Friday, September 14, 2012

Judge Overturns much of Act 10, the Union busting law.

What is it about Republicans like Scott Walker, Scott and Jeff Fitzgerald, and Robin Vos that makes them continually push the constitutional line in everything they do? These constitutional originalists don't seem to get what most judges get. First the courts declared the voter ID law unconstitutional, then it was parts of the redistricting maps, and now Act 10. Wake up GOP voters.

In what seems ironic now, Scott Walker is touring the state's schools celebrating the anniversary of the U.S. Constitution:
Dear Parents of 4th Grade Students:

I am writing to inform you that Governor Scott Walker is coming to visit School on Thursday, September 13th and will speak with all of our 4th grade students! Governor Walker and a professional from the Wisconsin Historical Society are coming to to celebrate the anniversary of the signing of the Constitution. They will present a lesson to all of our 4th grade students from 9:15 am until approximately 10 am. Students will hear about the signing of the Constitution and be able to ask the Governor some questions they may have for him.
I know, I laughed too. Here's Al Sharpton on MSNBC with the breaking news:

jsonline's Jason Stein just posted this: 
Gov. Scott Walker's law repealing most collective bargaining for local and school employees was struck down by a Dane County judge Friday, yet another dramatic twist in a more than year and a half saga that likely sets up another showdown in the Supreme Court.

The law remains largely in force for state workers, though a federal judge struck down part of that section of the law as well earlier this year. But for city, county, and school workers the decision by Dane County Judge Juan Colas returns the law to its status before Walker signed his law in March 2011.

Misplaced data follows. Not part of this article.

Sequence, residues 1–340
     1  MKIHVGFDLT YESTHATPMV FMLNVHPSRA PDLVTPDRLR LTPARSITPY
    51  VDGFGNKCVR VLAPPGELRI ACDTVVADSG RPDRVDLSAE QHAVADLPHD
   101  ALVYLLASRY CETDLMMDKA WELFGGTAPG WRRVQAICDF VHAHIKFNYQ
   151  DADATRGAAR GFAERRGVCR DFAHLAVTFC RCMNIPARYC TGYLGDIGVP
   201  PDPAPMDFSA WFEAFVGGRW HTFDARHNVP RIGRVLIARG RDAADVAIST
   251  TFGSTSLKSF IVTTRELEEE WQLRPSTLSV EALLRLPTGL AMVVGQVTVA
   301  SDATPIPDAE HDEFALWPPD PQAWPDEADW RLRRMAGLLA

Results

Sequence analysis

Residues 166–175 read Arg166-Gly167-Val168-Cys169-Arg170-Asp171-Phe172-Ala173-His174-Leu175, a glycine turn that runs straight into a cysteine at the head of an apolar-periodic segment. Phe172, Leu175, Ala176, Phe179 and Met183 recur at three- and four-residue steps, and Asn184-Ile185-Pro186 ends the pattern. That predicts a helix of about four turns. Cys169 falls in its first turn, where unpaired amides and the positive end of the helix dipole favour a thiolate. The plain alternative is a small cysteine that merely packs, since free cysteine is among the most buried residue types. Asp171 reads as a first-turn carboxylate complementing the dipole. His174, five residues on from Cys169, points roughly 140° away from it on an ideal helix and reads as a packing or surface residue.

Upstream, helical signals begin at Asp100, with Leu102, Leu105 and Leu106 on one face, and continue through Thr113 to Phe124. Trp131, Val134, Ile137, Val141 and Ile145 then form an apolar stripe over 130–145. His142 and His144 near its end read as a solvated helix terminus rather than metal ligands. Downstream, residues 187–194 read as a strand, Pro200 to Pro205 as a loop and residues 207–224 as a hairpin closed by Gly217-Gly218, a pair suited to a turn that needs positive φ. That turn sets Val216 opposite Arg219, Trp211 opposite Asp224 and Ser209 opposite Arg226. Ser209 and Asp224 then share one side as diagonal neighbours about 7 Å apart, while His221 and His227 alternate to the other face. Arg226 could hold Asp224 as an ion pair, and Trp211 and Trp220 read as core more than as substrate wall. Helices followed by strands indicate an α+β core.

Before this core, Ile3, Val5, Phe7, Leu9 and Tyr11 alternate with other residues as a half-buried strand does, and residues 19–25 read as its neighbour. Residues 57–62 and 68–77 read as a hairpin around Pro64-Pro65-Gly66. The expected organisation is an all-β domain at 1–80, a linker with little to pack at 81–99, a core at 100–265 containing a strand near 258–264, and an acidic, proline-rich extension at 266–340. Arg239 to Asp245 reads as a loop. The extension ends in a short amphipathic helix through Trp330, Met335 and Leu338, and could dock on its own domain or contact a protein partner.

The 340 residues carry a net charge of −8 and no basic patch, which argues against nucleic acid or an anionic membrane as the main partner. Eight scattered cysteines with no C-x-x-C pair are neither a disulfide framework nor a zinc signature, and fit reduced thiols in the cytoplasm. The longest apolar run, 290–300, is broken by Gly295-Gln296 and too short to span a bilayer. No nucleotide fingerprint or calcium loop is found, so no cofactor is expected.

The ruling means that, unless it is overturned on appeal, school districts and local officials will have to return to the bargaining table with their workers in a much more significant way. The decision raises a host of questions about changes in pay, benefits and work rules that have taken place in the meantime while bargaining was essentially dead.

"The decision essentially creates the (2011) status quo for municipal employees and school district employees because it declared that the essential provisions of Act 10 to be unconstitutional," said Lester Pines, an attorney for the Madison teachers and city of Milwaukee employees who are plaintiffs.

A spokeswoman for Attorney General J.B. Van Hollen said he would likely appeal the decision. "We believe the law is constitutional. We are reviewing the decision but we're planning to appeal," Dana Brueck said.

No comments:

Post a Comment